The effects of climate change grow more tangible by the day. As a result, the electric power industry is hastening efforts to reduce environmental impact. To do so, they need help to get a clearer picture of where they fall on the emissions reduction roadmap, and to better understand their opportunities for improvement. This is where harnessing artificial intelligence (AI) and data analytics can help.
To assist utility companies, IBM has created the Clean Electrification Maturity Model (CEMM) in conjunction with the American Productivity & Quality Center (APQC). Based on 14 years of development and input from electric utility experts, the CEMM provides a series of benchmarks to help utility companies measure the maturity of their clean electrification capabilities, set priorities for transformation and track their progress along the way.
The results from the first global CEMM benchmark of 90 transmission and distribution utilities paint a telling picture of the role that technology can play in this critical transformation. Companies that harness AI and data analytics can also make clean energy more viable overall by increasing their cost competitiveness over legacy energy sources.
On average, 3.3 times more of the most mature utilities prioritize research in energy balancing and trading. This research can enable more liquid markets and lower energy prices for customers. By introducing AI into the renewable energy generation, transmission and distribution processes, utilities can better predict weather patterns in advance, giving them better insights into the output of solar and wind farms.
AI: The road ahead for energy and utilities
AI can also benefit customer care, freeing up resources for innovation in other aspects of their business. The most mature utilities were more than four times more likely to utilize customer experience platforms, including AI-powered chatbots and data analytics for personalized service. The latter can also help drive efficiency by lowering end-user energy use. Informed by automated reports, customers can better understand their energy consumption and take steps to reduce their power draw during peak periods of demand.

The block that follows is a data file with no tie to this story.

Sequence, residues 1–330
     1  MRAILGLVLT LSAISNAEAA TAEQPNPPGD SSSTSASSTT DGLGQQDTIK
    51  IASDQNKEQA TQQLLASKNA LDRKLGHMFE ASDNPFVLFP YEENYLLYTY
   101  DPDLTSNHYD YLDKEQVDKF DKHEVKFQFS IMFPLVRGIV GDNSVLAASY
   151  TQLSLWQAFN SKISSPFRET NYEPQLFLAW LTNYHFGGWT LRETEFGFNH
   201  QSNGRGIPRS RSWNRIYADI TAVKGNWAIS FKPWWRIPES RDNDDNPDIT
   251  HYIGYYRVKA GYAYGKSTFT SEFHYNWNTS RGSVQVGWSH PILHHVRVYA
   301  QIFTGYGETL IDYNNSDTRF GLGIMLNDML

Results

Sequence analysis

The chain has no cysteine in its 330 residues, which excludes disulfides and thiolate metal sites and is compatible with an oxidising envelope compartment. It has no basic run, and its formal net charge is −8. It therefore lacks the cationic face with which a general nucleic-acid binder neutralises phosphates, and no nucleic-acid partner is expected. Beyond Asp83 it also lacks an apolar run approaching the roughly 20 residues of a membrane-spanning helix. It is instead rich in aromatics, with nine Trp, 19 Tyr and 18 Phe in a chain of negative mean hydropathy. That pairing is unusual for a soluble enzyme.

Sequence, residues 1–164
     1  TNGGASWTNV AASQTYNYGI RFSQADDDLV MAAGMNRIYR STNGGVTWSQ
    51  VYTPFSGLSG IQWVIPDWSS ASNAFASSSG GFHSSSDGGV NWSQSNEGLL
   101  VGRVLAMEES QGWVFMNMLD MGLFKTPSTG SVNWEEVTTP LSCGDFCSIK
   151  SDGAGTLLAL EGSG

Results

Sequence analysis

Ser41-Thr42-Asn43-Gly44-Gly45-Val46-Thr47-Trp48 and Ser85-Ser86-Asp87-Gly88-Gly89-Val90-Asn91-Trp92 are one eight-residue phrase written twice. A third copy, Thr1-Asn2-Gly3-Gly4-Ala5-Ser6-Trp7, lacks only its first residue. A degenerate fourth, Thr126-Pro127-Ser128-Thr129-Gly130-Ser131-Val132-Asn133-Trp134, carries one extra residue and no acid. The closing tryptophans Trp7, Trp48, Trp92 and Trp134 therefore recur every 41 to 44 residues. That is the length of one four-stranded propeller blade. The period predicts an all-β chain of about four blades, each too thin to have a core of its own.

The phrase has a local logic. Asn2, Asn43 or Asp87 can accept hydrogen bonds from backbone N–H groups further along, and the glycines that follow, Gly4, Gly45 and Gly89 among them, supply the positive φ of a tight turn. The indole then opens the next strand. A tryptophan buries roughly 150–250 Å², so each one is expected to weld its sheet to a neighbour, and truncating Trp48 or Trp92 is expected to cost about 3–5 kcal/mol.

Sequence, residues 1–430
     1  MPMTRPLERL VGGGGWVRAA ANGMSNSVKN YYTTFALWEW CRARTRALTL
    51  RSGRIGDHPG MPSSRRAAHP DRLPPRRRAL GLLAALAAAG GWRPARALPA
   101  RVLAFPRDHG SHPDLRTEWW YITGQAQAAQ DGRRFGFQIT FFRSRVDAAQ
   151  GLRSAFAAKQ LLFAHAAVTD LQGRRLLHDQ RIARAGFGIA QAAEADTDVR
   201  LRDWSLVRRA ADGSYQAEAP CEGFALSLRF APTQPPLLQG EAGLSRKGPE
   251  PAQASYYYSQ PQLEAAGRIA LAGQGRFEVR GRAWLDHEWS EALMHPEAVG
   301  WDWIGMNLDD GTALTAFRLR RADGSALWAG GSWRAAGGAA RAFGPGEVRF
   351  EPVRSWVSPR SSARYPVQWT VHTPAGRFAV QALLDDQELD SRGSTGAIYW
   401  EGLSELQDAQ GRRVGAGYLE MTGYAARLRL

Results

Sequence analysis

Despite these strides, the industry still has a lot of ground to make up to realize its carbon reduction goals. According to the CEMM study, the most mature 25% of transmission and distribution utilities still only achieved the modest overall score of 2.2 out of 5 across all domains. The average maturity for all T&D utilities was at the 1.6 mark. Technological maturity has vast potential for improvement; here, the most mature segment fared only marginally better than the bottom 75%, falling into the lowest development category.
Global electricity demands continue to rise. Utility companies must take urgent action to realign their organizations’ strategies and implement intelligent, data-driven processes for change. By emulating the successes of industry leaders and adopting the latest proven AI-enabled technologies, utility companies can take a big step toward meeting their own emissions goals and reducing the impact of climate change on the planet.